Navigating Wedding Season: Everything Etiquette

Navigating Wedding Season: Everything Etiquette

While the idea of attending weddings fills most of us with a mix of joy and mild panic, there's no need to stress. By following a few golden rules, you can navigate the waters of wedding season with grace and style. So far in this series we’ve covered decoding dress codes and the rules of RSVP’s. Today we’re tackling everything else! Here’s all the etiquette you’ll need to know the next time you’re a wedding guest… 


The Art of Gift Giving


  1.  Always check if there's a wedding registry. It's the couple's subtle way of saying, "These are the things we actually want."


  1. Cash is king. If you're lost or the registry items are way out of budget, it's acceptable to give cash or a check in a heartfelt card. How much? Gauge it based on your relationship with the couple and your personal budget.


  1. Don't delay. If you're sending a gift, try to do it before the wedding or at least within two months afterward.


Ceremony Etiquette


  1. Being fashionably late might be great for parties but not for weddings. Aim to arrive about 30 minutes early.


  1. Turn off or silence your phone. And resist the urge to answer calls or texts during the ceremony.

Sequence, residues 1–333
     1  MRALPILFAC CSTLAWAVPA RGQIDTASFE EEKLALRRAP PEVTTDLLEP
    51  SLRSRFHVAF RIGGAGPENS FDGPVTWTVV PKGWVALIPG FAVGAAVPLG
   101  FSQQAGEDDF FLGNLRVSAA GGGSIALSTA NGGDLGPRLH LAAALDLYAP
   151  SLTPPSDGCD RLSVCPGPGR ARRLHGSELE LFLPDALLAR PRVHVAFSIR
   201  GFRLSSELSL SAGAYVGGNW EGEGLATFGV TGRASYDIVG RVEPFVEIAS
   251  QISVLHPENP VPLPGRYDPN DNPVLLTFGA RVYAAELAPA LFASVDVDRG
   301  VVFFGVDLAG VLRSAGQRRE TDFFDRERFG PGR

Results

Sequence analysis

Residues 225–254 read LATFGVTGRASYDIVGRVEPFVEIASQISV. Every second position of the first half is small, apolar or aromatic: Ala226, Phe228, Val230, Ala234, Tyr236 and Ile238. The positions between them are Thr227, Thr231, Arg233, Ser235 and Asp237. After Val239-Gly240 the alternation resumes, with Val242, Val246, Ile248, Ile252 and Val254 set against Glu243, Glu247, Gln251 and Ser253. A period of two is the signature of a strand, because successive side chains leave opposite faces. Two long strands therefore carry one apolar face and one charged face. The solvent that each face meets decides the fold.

1. Unless stated otherwise, it's best to leave photography to the professionals. The couple didn’t hire a photographer to have Aunt Karen’s iPad blocking their first kiss.


Onto the Reception


  1. Planning to give a toast? Keep it short, sweet, and free of any stories that'll make Grandma blush.


  1. When it's buffet style, wait your turn. No one likes a food-grabbing stampede. And remember, it's not an all-you-can-eat contest.


  1. Know your limits and drink responsibly. There's a fine line between "life of the party" and "Why is Bob dancing with the coat rack?"


  1. It's the couple's special day. While it's okay to engage them in short conversations, remember they have many guests to attend to. Avoid monopolizing their time or bringing up potentially sensitive subjects.

  1. Before leaving, find the couple or their parents and offer a quick thank you for the invitation. A graceful exit is always appreciated.